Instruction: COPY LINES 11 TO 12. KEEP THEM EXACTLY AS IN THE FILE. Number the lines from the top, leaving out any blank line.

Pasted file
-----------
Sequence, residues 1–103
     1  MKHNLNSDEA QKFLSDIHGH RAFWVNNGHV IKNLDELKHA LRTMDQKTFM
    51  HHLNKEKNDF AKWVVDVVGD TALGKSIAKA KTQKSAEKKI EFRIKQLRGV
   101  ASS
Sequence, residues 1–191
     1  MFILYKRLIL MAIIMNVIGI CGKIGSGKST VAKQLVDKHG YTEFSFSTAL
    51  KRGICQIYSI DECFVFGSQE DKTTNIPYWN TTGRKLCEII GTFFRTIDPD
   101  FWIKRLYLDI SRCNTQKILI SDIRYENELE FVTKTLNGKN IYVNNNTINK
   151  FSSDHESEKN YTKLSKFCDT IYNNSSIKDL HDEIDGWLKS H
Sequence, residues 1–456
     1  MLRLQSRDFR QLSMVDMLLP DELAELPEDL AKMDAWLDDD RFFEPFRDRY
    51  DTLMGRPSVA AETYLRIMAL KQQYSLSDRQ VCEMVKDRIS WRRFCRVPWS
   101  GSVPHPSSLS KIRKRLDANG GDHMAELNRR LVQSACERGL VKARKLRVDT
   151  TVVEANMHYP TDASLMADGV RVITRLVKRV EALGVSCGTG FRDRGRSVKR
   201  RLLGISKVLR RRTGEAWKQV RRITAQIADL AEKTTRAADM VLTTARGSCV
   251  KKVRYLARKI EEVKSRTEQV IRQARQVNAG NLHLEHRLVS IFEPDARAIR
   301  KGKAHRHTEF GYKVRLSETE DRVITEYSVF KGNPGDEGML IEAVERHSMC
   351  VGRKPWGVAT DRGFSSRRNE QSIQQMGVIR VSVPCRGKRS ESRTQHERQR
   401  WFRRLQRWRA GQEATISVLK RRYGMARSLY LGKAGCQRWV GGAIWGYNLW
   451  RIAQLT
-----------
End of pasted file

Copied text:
     1  MLRLQSRDFR QLSMVDMLLP DELAELPEDL AKMDAWLDDD RFFEPFRDRY
    51  DTLMGRPSVA AETYLRIMAL KQQYSLSDRQ VCEMVKDRIS WRRFCRVPWS